How would Antonio Conte fit in at Chelsea if he became manager?
By Gerard Brand
Last Updated: 15/03/16 9:54am
With Antonio Conte the odds-on favourite to become the next Chelsea manager, what do we know about the Italy manager?
Sky Sports News HQ understands Chelsea technical director Michael Emenalo travelled to Italy on Tuesday and will be present at Juventus' Champions League last-16 tie against Bayern Munich, which Conte is also due to attend.
SSN HQ are currently investigating the claim the Italy coach has agreed a two-year deal to become the permanent successor to Jose Mourinho, but what could we expect from the 46-year-old Italian if he was to take over at Stamford Bridge?
Conte's playing career came to an end in 2004 after making over 300 appearances for Juventus and earning 20 caps for Italy before becoming assistant manager at Siena for the 2005/06 season.
He was soon given his first managerial job at Serie B outfit Arezzo, beginning a turbulent 12 months which saw him sacked after three months, reinstated five months later, and relegated on the final day of the season into Serie C1 in May 2007.
After a brief sabbatical, Conte was appointed Bari manager in December 2007, and having been under threat of relegation at the start of his stint, ended up comfortably in mid-table. He led them to promotion to Serie A in 2008/09, but did not take charge of a top flight game and left the club having initially signed a one-year contract extension.
He was then appointed boss of Serie A side Atalanta in September 2009, winning just three of his 14 games in charge and leaving the following January, before dropping a division to guide Siena to the top flight for the 2010/11 season.
Conte then began a three-year stint at Juventus, which saw him win Serie A in each season, as well as the Supercoppa in 2012 and 2013. In Europe, Conte led Juve to the Champions League quarter-finals in 2012/13, but did not get past the group stages the following season.
His domestic success at Juventus led Conte to the national side after Cesare Prandelli's departure following a poor World Cup in Brazil, tasked with stabilising the side ahead of Euro 2016.
Italy won Group H ahead of Croatia, Norway, Bulgaria, Azerbaijan and Malta, winning seven and drawing three out of 10 games.
Six of those wins came by a one-goal margin, and the Azzurri now face Belgium, Republic of Ireland and Sweden in Group E at the tournament in France.
How likely is it Conte will be appointed?
Conte's contract with Italy expires after the 2016 European Championships in the summer and he will be free to move to Stamford Bridge, with no compensation needed to be paid to the Italian Football Federation.
Sky Italia's Valentina Fass told Sky Sports News HQ that Conte had been linked with Chelsea for some time and a deal between the two was close to being agreed before Christmas.
"We know that Chelsea want to decide who their manager for next year will be by March," she told Sky Sports News HQ.
"Conte seems to be ahead in the talks. Nothing has been decided yet, but maybe a contract has been put down.
"There are still other contenders. [Diego] Simeone, even though it looks like he wants to stay at Atletico, is one of the names on the list still, and also [Massimiliano] Allegri, Juventus manager, is on the list."
Rebuilding the Bridge
Make no mistake, this summer will be a rebuilding job at Stamford Bridge with Chelsea having dropped from champions to mid-table. However, Conte has the relevant experience on his CV.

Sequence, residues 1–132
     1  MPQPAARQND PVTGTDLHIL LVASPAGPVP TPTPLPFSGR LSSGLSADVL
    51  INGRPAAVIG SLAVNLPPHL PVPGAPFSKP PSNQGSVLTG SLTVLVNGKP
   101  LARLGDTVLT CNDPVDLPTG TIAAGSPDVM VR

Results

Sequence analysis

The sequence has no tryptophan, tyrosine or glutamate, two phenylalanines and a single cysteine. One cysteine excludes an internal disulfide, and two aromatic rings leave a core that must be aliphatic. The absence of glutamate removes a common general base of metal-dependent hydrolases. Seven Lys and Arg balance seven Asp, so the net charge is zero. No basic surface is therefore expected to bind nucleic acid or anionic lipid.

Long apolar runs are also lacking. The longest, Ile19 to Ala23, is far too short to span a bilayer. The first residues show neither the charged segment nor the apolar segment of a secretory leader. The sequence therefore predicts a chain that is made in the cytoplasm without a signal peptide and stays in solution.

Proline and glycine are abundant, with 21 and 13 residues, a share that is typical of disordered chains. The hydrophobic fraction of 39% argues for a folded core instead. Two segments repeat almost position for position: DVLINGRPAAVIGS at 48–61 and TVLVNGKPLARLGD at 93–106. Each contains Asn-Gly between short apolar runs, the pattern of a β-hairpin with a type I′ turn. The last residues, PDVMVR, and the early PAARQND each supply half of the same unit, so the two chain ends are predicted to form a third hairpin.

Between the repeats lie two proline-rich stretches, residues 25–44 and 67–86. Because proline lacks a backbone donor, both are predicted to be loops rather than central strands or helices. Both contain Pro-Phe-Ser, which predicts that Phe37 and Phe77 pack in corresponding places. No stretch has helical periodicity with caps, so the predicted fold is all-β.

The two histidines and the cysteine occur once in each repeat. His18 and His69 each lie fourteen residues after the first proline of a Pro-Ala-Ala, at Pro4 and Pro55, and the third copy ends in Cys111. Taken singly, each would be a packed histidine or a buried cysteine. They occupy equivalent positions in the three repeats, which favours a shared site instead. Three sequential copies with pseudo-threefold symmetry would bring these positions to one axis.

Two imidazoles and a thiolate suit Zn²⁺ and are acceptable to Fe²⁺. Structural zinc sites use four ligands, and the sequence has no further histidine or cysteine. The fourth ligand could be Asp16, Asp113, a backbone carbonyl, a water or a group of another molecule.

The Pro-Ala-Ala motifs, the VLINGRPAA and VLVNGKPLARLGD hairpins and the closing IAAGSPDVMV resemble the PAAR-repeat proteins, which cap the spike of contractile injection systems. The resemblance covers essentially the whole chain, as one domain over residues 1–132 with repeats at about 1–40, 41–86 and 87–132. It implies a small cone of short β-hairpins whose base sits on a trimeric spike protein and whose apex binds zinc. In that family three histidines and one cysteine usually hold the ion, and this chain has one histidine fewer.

He revived struggling teams at Arezzo, Bari, Atalanta and Siena, but his work at Juventus stands out the most.
Having finished in seventh in 2010/11, Conte took over from Luigi Delneri and led Juve to the league title without a single defeat, the first club to do so in Italian history.
Conceding just 20 goals in 38 games, it was their first official league title since 2003 after being stripped of two Serie A crowns for their involvement in the 2006 Calciopoli scandal.
Tactics-wise, Conte is not restricted to his 3-5-2 formation, used predominantly at Juventus and with Italy. He has been known to switch to 4-3-3 successfully, a flexibility which has seen him lose just 18 games in his 167 as a manager since starting at Juventus in 2011.
Sky in Italy reporter Gianluca Di Marzio believes rather than shoehorning players into his system, Conte would adapt his system according to the players' capabilities.
In a column on his website earlier this week, Di Marzio said: "As Conte himself has said many times, he believes a good manager adapts to the personnel he has and not the other way around."
Conte was equally impressive in the transfer market, and despite some inevitable misses, hits included Andrea Pirlo (free), Paul Pogba (free), Carlos Tevez (£6.75m), Arturo Vidal (£9.4m) and Stephan Lichtsteiner (£7.5m). During his three seasons at Juve, Conte never spent over £15m on a player.
What they've said
"I am extremely lucky I met Antonio Conte, I had so many coaches to compare him too, and he is the one who surprised me the most. I was expecting a good coach, but not that good." - Andrea Pirlo, 2014, in I Think, Therefore I Play autobiography.
"The secret of our success is the ambition our coach has. Conte has brought a new mentality to the club. He has pushed us to sweat, to find strength and to undergo hard work in order to cancel out the last two disappointing campaigns." - Gianluigi Buffon, 2012
"[Conte's] 3-5-2 is the best in history. He's the only coach who doesn't play a 5-3-2. But he struggles against opponents with good wingers, who are able to switch play quickly. Big teams don't have any problems doing that. You can't dominate or set a trend with 3-5-2." - Zvonimir Boban, 2014, former Milan midfielder